Garden pests are an issue for everyone; from the backyard gardener to industrial-scale agricultural operations.
While the costs of insect destruction and prevention are hard to measure, it’s estimated that 10% of the GNP in large, industrialized countries is spent combating garden pests.
If you have a garden of any size, you’ve probably encountered some of these bugs in the garden that can devastate your crops.
An important first step in eradicating garden bugs is being able to recognize the signs of their presence.
Let’s take a look at seven of the most common garden pests and what you can do to get rid of them.
1. Black Vine Weevil
Also known as the taxus weevil, the black vine weevil feeds on a number of different types of ornamental plants.
It’s considered the most devastating of the root weevils in Canada and the northern U.S.
If you’re looking for an organic means of getting rid of the vine weevil, consider applying nematodes as a soil drench in order to control the vine weevil’s larval stage.
Otherwise, there are a number of different pesticides you can use at the first sign of feeding.
Vine weevils can wreak havoc on both indoor and outdoor plants.
If you’re experiencing vine weevils or any other insect inside your home, it’s important to understand the difference between pest control and extermination.
2. Striped Cucumber Beetle
This yellow and black striped beetle feeds on plants in the cucurbits family, including cucumbers, squash, pumpkin, and watermelons.
While the adults feed on the leaves, the larvae feed on the roots of the plant.
If you see yellowing leaves and holes in the leaves of cucurbits, there are a number of different ways you can get rid of striped cucumber beetles.
Yellow sticky traps are one effective way, though you can also manually remove them from your plants when you see them.
Another option is to use row covers to cover seedlings, but you’ll have to remove the row covers for several hours a day during the flowering stage in order to allow for pollination.
These nocturnal, soil-dwelling creatures can really do a number on young seedlings and bulbs.
Their survival depends on a moist and cool environment, so you won’t see them out and about in the heat of the day.
During this time, they’ll be sheltered in shady, cool spaces under rocks, leaves, and boards.
You can handpick slugs off plants in the early morning or in the evening when they’re feeding.
Another way to deal with slugs is to place boards on the ground around the plants.
You can then collect them midday when many slugs will seek shelter under the board.
Shallow containers of beer also work as slug traps.
4. Leaf Miners
Leaf miner is the name given for the larvae of different types of flies, wasps, and moths.
One of the best ways you can avoid leaf minors is by cultivating the soil in the fall.
This is because they emerge in the spring after overwintering in the soil.
By tilling in the fall, you expose them to predators that will remove them from your garden.
You may find any of the more than 6,000 species of thrips feeding on a number of your garden plants.
Beans, carrots, onions, squash, flowers, and a long list of other garden staples can fall prey to thrips.
Feeding in large groups, the adults are incredibly small. At less than 1/25 inch, you might want a magnifying glass if you suspect their presence.
To get rid of thrips, it’s important to remove green plant debris as well as weeds and grass from around the garden.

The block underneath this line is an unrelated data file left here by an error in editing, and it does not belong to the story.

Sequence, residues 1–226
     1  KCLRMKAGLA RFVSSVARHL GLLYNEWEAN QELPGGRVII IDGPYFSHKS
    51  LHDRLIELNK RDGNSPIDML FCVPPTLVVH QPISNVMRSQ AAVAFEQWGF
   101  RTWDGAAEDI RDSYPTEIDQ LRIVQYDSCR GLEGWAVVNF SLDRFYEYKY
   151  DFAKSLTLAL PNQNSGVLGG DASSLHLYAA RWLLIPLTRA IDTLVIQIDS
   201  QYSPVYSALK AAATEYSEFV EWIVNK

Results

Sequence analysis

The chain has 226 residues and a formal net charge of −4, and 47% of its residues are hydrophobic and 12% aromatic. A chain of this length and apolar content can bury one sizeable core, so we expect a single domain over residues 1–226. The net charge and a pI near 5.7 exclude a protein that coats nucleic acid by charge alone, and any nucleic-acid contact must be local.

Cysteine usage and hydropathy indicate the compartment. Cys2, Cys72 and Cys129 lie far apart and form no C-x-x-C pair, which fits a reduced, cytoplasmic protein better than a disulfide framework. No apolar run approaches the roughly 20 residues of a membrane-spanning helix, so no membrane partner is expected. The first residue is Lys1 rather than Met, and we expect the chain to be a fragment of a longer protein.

Dry mulch is not a problem, but green mulch is in danger of attracting thrips.
It’s important to be mindful that the plants you’re bringing in aren’t already infested with thrips.
Make sure you don’t expose the rest of your plants to a plant that has thrip presence.
You can also use blue sticky traps to deal with adult thrips.
There are also a number of beneficial insects that you can release into your garden to help deal with a thrip problem, such as ladybugs, lacewings, and minute pirate bugs.
6. Flea Beetles
If you notice shiny, oval-shaped insects that jump like fleas and leave small circular holes in leaves, your plant might be infested by flea beetles.
Particularly attracted to eggplants, flea beetles also feed on a long list of garden crops.
To avoid having flea beetles, make sure to vulnerable crops as late as possible.
Flea beetles are most active in the early spring.
You can also transplant sturdy seedlings which will be more able to handle flea beetle damage.
You can also use white sticky traps to both trap and monitor the flea beetles in your garden.
Cultivating in the fall or early spring can also remove crop debris and weeds in which flea beetles would find shelter while overwintering.
Particularly present during the start and finish of a growing season, there are at least 4,000 different species of aphids.
If you notice curled leaves, pale yellow spots on leaves, or distorted blossoms, you might have aphids.
Apids can be avoided by controlling the amount of nitrogen in your garden.
You’ll also want to save pruning for the middle of the growing season, as aphids like to feed in the early spring on fresh growth.
They can also be removed manually by using a cloth or spraying the plants with plain water.
Knowledge Is Power: Understanding Different Garden Pests Is the Key to Eradicating Them
Without dangerous, chemical intervention, it’s impossible to completely avoid garden pests.
By understanding their lifecycle, what they feed on, and how their populations grow, however, you can mitigate the negative effects of pests on plants through garden management practices.
If you found this article on garden bugs useful, be sure to check out the rest of our blog for more informative content!